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Ministers will not step in to save Farming Today

29 July 1997
Ministers will not step in to save Farming Today

The Government has no powers to stop the BBC moving Farming Today from its regular early-morning radio slot of 6.10am, ministers stressed yesterday.

The BBC is due to announce its decisions on changes to Radio 4 on tomorrow.

Lord McIntosh of Haringey, for culture and media ministers, told the Lords at question time: “The BBC is responsible for its own programming on a day-to-day basis.”

The Earl of Kinnoull, Tory member and a surveyor and land agent, had pressed him to “give some hope to the 1.5 million listeners to this valuable programme.”

The proposed change is opposed by the National Farmers Union and the BBCs own advisory committee on rural and agricultural affairs.

Tory Baroness Gardner of Parkes wondered if the timing of the announcement, the day before Parliament rises for its summer break, was to avoid parliamentary debate on the issue. Lord McIntosh replied: “Even if the BBC had being doing such a dastardly thing, I doubt that we would have very fruitful debate on the details of programming. Parliament isnt responsible for day-to-day decisions about programming.”

The exchanges came amid the row over reports that the BBC is also considering scrapping or changing the long-running Yesterday in Parliament programme.

Andrew Evans, PA News

    Read more on:
  • News

Ministers will not step in to save Farming Today

29 July 1997
Ministers will not step in to save Farming Today

The Government has no powers to stop the BBC moving Farming Today from its regular early-morning radio slot of 6.10am, ministers stressed yesterday.

The BBC is due to announce its decisions on changes to Radio 4 on tomorrow.

Lord McIntosh of Haringey, for culture and media ministers, told the Lords at question time: “The BBC is responsible for its own programming on a day-to-day basis.”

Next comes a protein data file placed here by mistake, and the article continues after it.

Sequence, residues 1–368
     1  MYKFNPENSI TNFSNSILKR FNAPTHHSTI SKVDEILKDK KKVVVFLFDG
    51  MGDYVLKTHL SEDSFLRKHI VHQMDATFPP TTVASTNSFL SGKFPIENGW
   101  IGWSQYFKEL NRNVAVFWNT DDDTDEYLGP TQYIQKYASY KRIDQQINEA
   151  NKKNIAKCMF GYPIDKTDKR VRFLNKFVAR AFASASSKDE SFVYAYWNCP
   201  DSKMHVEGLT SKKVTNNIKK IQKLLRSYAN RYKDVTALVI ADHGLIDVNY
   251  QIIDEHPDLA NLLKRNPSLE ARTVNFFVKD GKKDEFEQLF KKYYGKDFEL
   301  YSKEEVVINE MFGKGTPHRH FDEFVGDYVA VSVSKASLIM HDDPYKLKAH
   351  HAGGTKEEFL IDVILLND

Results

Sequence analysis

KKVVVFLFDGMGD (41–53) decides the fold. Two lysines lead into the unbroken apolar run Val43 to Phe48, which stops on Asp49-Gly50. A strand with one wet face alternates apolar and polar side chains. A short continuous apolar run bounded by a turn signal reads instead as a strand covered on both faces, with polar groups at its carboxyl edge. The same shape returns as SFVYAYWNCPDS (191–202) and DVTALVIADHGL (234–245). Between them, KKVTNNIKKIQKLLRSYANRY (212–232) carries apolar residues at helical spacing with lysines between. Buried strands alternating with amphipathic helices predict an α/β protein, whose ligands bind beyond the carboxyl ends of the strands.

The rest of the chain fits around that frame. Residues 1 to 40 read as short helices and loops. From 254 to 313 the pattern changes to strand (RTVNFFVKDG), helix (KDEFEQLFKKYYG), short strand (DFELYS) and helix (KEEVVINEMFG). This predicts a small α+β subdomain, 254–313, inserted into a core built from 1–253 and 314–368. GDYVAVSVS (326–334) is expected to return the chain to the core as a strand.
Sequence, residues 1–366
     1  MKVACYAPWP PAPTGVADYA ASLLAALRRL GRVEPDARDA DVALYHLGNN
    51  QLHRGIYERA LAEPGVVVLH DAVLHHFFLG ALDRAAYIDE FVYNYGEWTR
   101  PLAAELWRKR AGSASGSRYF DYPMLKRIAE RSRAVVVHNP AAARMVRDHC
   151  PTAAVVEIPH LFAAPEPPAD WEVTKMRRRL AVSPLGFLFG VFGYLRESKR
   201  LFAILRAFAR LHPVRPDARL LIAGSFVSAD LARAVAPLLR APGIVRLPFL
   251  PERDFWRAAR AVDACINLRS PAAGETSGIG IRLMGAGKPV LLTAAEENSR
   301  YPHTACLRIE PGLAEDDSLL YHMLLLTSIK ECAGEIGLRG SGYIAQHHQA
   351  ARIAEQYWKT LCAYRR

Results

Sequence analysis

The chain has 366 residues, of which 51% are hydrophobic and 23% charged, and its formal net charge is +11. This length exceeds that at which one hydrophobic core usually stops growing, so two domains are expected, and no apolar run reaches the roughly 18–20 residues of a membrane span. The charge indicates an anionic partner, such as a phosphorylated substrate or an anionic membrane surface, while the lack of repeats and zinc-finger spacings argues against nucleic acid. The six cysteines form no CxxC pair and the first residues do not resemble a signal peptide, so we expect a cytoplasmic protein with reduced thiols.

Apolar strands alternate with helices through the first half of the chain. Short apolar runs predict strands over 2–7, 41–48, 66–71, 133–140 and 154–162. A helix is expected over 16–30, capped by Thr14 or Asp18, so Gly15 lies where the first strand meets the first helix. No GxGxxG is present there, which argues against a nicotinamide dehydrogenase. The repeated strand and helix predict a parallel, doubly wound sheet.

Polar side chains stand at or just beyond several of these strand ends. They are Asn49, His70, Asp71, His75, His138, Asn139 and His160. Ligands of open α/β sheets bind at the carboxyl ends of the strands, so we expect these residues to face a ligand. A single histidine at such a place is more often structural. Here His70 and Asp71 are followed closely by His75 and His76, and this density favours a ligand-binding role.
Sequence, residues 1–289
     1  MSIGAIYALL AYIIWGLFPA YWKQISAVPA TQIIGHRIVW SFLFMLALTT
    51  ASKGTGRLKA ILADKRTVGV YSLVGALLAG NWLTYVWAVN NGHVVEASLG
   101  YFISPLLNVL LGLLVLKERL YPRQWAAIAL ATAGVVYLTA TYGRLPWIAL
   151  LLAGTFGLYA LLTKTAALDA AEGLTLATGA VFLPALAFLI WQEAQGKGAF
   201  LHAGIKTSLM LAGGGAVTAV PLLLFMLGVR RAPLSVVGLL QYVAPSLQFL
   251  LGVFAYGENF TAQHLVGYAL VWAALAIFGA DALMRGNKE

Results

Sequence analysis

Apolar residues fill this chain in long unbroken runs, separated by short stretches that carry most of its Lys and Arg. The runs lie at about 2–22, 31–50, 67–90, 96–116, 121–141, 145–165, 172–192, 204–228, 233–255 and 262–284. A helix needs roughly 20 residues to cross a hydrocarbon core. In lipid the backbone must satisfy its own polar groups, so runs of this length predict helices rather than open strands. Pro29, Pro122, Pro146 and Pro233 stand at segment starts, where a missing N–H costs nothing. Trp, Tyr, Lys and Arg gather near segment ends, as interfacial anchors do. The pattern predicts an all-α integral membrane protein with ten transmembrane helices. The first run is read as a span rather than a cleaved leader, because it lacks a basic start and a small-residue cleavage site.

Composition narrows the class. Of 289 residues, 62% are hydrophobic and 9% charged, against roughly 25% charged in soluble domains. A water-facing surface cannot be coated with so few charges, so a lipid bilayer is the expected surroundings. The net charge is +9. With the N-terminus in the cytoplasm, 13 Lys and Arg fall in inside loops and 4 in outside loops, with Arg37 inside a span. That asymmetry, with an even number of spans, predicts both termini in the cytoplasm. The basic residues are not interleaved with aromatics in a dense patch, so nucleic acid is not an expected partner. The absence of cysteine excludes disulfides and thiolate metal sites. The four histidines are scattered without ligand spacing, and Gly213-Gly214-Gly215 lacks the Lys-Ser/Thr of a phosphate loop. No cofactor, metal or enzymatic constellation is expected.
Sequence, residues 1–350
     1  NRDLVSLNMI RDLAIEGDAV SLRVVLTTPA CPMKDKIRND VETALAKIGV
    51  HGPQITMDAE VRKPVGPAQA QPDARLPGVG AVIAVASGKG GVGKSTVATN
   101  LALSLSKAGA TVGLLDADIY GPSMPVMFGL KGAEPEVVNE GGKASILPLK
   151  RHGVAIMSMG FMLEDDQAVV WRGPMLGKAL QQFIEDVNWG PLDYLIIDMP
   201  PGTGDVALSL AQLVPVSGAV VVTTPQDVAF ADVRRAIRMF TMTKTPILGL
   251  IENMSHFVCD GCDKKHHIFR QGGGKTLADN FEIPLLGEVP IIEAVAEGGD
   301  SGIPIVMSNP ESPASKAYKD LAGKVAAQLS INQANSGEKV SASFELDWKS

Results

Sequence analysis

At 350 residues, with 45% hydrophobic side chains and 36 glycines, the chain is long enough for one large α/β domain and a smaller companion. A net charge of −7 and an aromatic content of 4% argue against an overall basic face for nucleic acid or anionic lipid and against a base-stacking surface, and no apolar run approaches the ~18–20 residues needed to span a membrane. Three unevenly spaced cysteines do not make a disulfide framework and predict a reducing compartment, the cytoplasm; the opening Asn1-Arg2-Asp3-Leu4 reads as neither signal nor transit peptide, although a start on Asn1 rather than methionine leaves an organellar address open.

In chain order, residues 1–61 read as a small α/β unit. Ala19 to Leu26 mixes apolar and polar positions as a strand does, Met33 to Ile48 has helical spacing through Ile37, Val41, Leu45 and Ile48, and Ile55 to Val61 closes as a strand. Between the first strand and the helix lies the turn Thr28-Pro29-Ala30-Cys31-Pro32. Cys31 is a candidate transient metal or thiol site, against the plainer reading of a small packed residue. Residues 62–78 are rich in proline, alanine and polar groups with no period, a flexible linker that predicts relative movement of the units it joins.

The Earl of Kinnoull, Tory member and a surveyor and land agent, had pressed him to “give some hope to the 1.5 million listeners to this valuable programme.”

The proposed change is opposed by the National Farmers Union and the BBCs own advisory committee on rural and agricultural affairs.

Tory Baroness Gardner of Parkes wondered if the timing of the announcement, the day before Parliament rises for its summer break, was to avoid parliamentary debate on the issue. Lord McIntosh replied: “Even if the BBC had being doing such a dastardly thing, I doubt that we would have very fruitful debate on the details of programming. Parliament isnt responsible for day-to-day decisions about programming.”

The exchanges came amid the row over reports that the BBC is also considering scrapping or changing the long-running Yesterday in Parliament programme.

Andrew Evans, PA News

    Read more on:
  • News

Ministers will not step in to save Farming Today

29 July 1997
Ministers will not step in to save Farming Today

The Government has no powers to stop the BBC moving Farming Today from its regular early-morning radio slot of 6.10am, ministers stressed yesterday.

The BBC is due to announce its decisions on changes to Radio 4 on Wednesday.

Lord McIntosh of Haringey, for culture and media ministers, told the Lords at question time: “The BBC is responsible for its own programming on a day-to-day basis.”

The Earl of Kinnoull, Tory member and a surveyor and land agent, had pressed him to “give some hope to the 1.5 million listeners to this valuable programme.”

The proposed change is opposed by the National Farmers Union and the BBCs own advisory committee on rural and agricultural affairs.

Tory Baroness Gardner of Parkes wondered if the timing of the announcement, the day before Parliament rises for its summer break, was to avoid parliamentary debate on the issue. Lord McIntosh replied: “Even if the BBC had being doing such a dastardly thing, I doubt that we would have very fruitful debate on the details of programming. Parliament isnt responsible for day-to-day decisions about programming.”

The exchanges came amid the row over reports that the BBC is also considering scrapping or changing the long-running Yesterday in Parliament programme.

Andrew Evans, PA News

    Read more on:
  • News
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